George Clooney taken aback by rise of white supremacy movement
The actor/director didn't expect his new dark comedy, about life in late 1950s America, would be so timely.
George Clooney can't believe Americans are still fighting a race war after witnessing segregation first-hand as a child.
The Ocean's Eleven star grew up in Kentucky in the 1960s, and never imagined he would ever again witness the hate spewed by white supremacists at the height of the civil rights movement.
Clooney has been disappointed by the rise in the alt-right in recent times, especially following the election of Donald Trump as U.S. President last year (16).
The actor/director, who recently made a $1 million (£760,000) donation with his wife Amal to tackle hate groups, is particularly incensed by the actions of those who marched in the violent white supremacy rally in Charlottesville, Virginia last month (Aug17), because neo-Nazis do not represent the views of the majority of his fellow Americans.
"When you see those idiots (in Charlottesville) carrying torches and stuff - those chickens**t little p**sies walking around with their stupid little Tiki torches - they don't represent one per cent of this country, and that's the truth," he declared to Deadline.com. "And so, we have to fight against it and stand up against it, but we have to remember that they don't represent enough to spend that much time thinking about them."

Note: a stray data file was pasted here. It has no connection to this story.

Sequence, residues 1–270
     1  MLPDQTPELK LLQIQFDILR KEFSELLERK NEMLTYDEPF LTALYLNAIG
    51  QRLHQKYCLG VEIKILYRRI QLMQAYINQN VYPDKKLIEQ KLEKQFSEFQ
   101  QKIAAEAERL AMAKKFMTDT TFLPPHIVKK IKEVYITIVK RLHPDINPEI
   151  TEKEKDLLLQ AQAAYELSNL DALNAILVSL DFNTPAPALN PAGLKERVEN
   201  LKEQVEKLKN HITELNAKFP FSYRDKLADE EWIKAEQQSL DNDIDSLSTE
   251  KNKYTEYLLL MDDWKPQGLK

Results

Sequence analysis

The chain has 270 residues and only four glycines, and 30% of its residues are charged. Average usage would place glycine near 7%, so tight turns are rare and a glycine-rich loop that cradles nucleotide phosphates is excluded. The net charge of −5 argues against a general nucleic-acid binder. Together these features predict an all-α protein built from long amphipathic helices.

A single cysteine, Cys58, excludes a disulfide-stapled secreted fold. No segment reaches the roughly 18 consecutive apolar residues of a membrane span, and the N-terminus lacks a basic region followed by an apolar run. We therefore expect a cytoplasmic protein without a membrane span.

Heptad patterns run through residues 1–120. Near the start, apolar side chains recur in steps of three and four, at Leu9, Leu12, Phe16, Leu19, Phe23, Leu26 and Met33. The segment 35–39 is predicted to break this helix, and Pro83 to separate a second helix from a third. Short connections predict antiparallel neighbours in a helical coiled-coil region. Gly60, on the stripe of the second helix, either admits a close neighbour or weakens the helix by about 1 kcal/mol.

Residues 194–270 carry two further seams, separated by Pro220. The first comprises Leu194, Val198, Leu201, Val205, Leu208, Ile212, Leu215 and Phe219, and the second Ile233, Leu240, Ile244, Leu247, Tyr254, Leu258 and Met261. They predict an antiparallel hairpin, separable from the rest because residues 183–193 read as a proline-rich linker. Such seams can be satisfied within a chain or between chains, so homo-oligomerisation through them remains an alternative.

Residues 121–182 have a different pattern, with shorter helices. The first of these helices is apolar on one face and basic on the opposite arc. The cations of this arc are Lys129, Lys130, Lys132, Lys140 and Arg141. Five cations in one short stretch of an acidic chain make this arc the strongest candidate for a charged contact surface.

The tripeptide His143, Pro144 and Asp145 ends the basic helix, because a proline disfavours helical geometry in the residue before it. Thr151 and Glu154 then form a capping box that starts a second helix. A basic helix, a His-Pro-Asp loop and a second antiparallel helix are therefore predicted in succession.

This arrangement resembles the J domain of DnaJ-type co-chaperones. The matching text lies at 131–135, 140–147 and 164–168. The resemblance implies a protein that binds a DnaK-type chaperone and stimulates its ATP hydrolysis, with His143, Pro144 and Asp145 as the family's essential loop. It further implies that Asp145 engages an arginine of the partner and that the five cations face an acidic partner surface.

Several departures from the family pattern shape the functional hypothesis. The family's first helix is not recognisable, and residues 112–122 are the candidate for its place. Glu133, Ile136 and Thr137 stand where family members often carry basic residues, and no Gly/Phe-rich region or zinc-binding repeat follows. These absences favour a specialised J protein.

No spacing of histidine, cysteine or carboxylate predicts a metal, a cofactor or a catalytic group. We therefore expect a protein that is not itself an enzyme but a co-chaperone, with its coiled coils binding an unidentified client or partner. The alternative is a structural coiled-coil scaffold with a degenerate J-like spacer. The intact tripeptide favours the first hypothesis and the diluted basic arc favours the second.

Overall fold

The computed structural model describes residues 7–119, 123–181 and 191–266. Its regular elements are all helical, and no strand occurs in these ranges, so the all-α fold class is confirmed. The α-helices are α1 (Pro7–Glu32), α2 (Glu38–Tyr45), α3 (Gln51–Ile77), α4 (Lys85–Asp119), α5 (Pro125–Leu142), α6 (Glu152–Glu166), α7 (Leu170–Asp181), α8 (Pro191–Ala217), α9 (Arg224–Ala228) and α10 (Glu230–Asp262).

The issue of race relations is one Clooney addresses in his new movie, Suburbicon, as it is inspired by the real-life uproar sparked by a black family moving into a white neighbourhood in Levittown, Pennsylvania, in 1957.
The movie premiered at the Venice Film Festival in Italy earlier this month (Sep17), and its release couldn't be more timely - although Clooney insists it wasn't planned that way.
"It wasn't designed to be that," he said. "You don't have to be a soothsayer to realise we're going to constantly have to deal with these issues; they continually pop up. It's too bad we're still fighting these fights. I didn't think we would, growing up in the '60s in the South. I thought after segregation was gone we were going to really move forward, and we didn't, really. We stalled. We've got a lot of work to do."
Belfast Telegraph Digital